The Labour Party came to power partly on a campaign against what National had done to the public health system in New Zealand. Labour promised to fix it. But little has been done that ultimately fixes the problems from the patient's point of view. Recently the NZ Herald has been running a series of articles on the state of the heath sector - unsurprisingly it has been rather critical. It has concentrated on the dilemma of growing waiting lists, the unavailability of basic operations, the increased involvement of the private sector, and the wildly variable prospects of treatment in different areas. [Read much more below]
According to the Herald, it is now extremely hard to get operations through the public health system. Unless you are in need of urgent surgery, you are likely to remain waiting for some time. Some non-emergency surgery will never be done - the 'long-term trend in elective treatment is causing surgery such as hernia repair and varicose vein removal to become almost unobtainable'. Apparently, 'The number of patients receiving elective surgery was little higher in 2005 than in 2000'.
Even if you are eventually going to get surgery, it will take a long time. In terms of heart-bypass surgery, one senior health source told the paper, 'Someone who should get an operation within several weeks is waiting several months'. Another GP says that 'Patients with suspected skin cancer are being squeezed out of the public health system' because it takes so long for suspected cancerous skin to be seen by a specialist. Furthermore, the paper found that 'radiotherapy waiting times for Auckland cancer patients are now three times the recommended guidelines' - as 'priority C' cancer patients were waiting for around 12 weeks for treatment, when the Ministry of Health guidelines stipulate four weeks is the 'maximum acceptable'.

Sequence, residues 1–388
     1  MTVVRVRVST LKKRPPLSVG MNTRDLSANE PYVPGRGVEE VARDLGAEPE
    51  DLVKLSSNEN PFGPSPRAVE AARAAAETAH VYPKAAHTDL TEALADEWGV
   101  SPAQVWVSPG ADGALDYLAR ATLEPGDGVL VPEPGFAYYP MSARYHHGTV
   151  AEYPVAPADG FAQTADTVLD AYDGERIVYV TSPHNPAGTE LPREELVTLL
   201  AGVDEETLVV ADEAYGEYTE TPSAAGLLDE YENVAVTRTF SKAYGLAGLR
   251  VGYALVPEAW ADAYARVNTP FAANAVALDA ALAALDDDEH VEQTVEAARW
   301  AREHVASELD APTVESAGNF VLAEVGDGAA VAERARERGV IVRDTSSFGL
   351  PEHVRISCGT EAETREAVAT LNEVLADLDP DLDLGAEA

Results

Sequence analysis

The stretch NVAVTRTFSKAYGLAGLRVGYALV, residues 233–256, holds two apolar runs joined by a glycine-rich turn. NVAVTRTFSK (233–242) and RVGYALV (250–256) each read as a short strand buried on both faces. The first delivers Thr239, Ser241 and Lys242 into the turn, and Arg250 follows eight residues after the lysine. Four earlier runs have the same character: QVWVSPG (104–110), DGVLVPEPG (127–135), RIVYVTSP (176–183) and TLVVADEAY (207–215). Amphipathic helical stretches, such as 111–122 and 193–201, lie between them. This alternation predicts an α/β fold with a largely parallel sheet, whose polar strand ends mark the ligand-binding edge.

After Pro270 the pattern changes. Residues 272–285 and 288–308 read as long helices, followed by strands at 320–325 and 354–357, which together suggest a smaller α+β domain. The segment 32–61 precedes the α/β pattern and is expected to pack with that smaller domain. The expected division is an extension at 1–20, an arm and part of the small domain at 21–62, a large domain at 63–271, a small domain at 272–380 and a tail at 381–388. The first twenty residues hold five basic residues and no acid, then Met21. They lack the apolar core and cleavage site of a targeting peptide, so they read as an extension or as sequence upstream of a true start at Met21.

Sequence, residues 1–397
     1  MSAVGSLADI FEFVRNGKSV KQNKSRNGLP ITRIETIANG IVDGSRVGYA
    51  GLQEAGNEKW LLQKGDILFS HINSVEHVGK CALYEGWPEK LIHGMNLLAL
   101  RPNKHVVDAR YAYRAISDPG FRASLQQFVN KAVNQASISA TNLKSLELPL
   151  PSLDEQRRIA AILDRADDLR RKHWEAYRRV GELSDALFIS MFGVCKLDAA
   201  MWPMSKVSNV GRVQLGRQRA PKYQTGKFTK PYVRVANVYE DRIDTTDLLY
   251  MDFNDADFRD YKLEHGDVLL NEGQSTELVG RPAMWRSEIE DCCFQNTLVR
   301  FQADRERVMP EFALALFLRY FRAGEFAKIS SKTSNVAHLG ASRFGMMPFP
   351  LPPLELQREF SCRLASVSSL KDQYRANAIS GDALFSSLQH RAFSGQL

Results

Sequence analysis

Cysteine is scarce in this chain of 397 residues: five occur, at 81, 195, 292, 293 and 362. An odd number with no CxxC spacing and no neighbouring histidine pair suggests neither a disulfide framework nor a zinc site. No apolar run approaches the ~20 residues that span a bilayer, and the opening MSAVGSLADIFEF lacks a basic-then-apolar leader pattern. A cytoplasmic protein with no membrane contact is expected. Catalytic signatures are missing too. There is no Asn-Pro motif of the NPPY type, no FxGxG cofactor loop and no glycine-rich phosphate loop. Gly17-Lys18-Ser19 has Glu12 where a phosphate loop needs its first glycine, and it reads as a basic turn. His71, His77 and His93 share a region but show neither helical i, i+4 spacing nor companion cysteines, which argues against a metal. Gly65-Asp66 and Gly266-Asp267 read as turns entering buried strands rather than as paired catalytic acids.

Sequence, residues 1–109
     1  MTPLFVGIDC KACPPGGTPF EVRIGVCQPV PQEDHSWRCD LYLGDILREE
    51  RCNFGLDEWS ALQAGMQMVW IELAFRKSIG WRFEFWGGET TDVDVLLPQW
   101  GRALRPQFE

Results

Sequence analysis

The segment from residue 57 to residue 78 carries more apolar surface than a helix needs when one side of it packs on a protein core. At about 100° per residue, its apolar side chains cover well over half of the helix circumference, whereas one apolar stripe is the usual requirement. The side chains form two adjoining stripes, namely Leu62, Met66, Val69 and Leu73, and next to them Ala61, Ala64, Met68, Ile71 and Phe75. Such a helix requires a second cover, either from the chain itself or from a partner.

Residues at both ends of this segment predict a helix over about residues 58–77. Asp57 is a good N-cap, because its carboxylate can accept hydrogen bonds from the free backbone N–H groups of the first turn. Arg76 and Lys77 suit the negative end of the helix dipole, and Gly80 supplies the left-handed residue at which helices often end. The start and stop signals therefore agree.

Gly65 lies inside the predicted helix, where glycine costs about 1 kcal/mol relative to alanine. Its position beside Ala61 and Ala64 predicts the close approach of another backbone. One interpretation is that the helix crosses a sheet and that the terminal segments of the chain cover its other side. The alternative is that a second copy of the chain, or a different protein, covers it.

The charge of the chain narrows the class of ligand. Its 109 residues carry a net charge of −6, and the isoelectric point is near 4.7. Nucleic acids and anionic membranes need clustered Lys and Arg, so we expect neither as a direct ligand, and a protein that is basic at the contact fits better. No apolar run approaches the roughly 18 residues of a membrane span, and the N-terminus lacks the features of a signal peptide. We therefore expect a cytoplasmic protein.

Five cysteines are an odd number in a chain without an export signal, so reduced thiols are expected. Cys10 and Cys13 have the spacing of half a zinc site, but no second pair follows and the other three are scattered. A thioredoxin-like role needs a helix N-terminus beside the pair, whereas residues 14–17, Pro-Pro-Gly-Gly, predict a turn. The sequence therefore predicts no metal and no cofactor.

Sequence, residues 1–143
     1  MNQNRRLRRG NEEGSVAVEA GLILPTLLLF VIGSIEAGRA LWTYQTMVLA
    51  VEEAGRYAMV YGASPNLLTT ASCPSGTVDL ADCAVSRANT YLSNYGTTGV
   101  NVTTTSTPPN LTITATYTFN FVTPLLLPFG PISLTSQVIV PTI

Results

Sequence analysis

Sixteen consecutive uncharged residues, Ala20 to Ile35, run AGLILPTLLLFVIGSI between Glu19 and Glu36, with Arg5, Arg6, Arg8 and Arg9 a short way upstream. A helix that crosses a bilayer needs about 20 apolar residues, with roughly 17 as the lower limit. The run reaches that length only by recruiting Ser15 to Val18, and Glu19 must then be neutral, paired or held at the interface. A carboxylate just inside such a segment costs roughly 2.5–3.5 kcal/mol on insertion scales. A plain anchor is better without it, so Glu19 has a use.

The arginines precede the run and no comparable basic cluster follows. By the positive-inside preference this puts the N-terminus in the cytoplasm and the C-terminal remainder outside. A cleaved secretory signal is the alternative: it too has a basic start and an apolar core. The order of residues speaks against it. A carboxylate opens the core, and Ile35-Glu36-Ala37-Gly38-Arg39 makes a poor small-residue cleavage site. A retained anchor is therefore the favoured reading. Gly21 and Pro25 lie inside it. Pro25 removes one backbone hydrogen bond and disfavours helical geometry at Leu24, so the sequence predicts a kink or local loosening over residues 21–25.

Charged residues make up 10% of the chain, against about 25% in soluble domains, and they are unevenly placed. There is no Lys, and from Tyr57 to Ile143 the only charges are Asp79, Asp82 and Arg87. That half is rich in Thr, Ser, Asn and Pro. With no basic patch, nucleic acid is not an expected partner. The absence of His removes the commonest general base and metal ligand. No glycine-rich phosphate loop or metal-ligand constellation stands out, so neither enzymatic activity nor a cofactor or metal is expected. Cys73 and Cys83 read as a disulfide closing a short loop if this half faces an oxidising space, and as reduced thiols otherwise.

Waiting lists are therefore at the core of dissatisfaction with the health system. Thus, Labour and National have decided that 'waiting lists cannot grow to politically embarrassing proportions' and have had to be bluntly cut by sweeping the problem under the carpet. A new list system was invented whereby health boards were told to kick any patients off the list if they were going to have to wait for than six months. Thus the problem of lengthening waiting lists was cynically solved. The Herald calls the solution 'anything but honest'. And health boards that do not implement this system are financially penalised by the Health Ministry. And this has been done by the same Labour Party that opposed the booking system introduced by National 10 years ago.
The Herald says that the 'Public hospital waiting lists are a boon to the private sector' who have been able to 'cherry pick' the more straightforward cases, leaving 'public hospitals to do the difficult, expensive work'. This has led to a situation whereby more elective surgery is actually carried out in the private sector than in the public: 'Southern Cross funded 126,000 operations in the past financial year, compared with 105,000 elective operations in public hospitals'. According to Southern Cross, a growing proportion of patients are paying for private surgery - paying the full price, 'typically surgery costing less than $5000, such as hernia repair or cataract treatment'.
Unsurprisingly, the private health sector has been 'Positioning itself to do more state-funded surgery'. According to the Herald, 'The private sector has made repeated overtures to the Government, first seeking rebates on insurance premiums, followed by appeals to do more public-funded surgery and finally suggestions of joint ventures at public hospitals.' And so, 'ACC buys up to 80 per cent of its elective surgery from private hospitals and the Counties Manukau health board buys around 11 per cent'. It's interesting to look at where the modern private sector health get their funding from:
* 65 per cent of their patients are funded by private insurance.
* 20 per cent are Accident Compensation Corporation-funded.
* 10 per cent pay their own way.
* 5 per cent are funded by district health boards.
Meanwhile, the Herald found that 'operating theatres are underused. The likes of surgeons and anaesthetists still lament the poor resource use and managerial eccentricities they see in the system.'